Seems to me that there are two separate, though related, issues here. One is about the privacy of individuals. FaceBook, of course, hates privacy: it wants access to all of everybody, because every private area of our being is a potential loss in advertising revenue. But that’s specific to what Facebook’s business is.
The second issue is a more generic one. It’s a characteristic of computer “science”, and beyond that of other “sciences” in the modern world, to attempt to solve difficult problems by converting them into soluble caricatures of the problem and then declaring victory. Much of AI is like this, for instance, and the patron deity of subterfuges of this kind is the Turing test.
In FaceBook’s case, the subterfuge consists in pretending that communication is the expression of the individual, independent of its audience. This misrepresentation isn’t unique to FaceBook, of course: very few applications on the internet could function without it. But, as you rightly say, actual communication is something that happens in the recipient, not in the originator. You don’t curse in front of your (or, indeed, my) gran because you know that cursing will stop your communication getting through to her, which means stopping it being a communication at all.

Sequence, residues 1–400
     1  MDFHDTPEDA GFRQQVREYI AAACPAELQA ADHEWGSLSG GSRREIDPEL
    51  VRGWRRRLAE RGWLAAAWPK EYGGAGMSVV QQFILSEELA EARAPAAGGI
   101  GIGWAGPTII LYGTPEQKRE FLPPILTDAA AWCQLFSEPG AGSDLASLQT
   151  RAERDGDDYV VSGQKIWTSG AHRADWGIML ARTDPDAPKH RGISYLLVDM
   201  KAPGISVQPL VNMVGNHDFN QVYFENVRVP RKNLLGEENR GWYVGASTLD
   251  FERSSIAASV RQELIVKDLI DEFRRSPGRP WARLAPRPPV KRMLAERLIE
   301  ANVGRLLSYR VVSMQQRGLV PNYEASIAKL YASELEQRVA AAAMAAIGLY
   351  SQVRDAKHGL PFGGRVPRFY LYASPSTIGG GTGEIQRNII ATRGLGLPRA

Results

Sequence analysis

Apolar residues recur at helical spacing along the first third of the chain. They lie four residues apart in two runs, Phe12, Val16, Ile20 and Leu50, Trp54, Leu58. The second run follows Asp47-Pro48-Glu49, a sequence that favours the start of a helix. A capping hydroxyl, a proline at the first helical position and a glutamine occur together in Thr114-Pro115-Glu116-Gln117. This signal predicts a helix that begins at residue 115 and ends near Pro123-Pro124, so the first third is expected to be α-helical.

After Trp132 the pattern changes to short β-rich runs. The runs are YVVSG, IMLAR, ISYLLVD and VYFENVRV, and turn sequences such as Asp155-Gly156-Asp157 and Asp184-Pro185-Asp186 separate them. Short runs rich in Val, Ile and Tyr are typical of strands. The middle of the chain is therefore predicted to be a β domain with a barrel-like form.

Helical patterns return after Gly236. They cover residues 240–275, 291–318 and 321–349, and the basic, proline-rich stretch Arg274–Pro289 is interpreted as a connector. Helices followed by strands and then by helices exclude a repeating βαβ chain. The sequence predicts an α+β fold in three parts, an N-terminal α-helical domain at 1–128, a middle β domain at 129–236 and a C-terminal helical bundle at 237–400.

How you know that, and what it means that you know that, seem to me to be part of a difficult problem — which is, doubtless, one of the reasons why FaceBook wants to avoid it. But another reason is that their model of communication can’t accommodate it: it has to be a model in which people shout into the void. The fact that they’re only interested in harvesting people’s desires is important in this (they really don’t care how people’s friends receive those communications, except insofar as they generate further desires,) but it’s also somehow incidental to a more fundamental maiming of the real nature of communication.
What do I know of you? Almost nothing, except that you say the sorts of things I also say. That’s good; but I have almost no sense of how I might communicate with you in the sense I’ve pointed to above, and to which I think you also subscribe, because that means knowing us ; and in a way that these forms, sadly, know nothing of. Sorry to run on, but once I get started…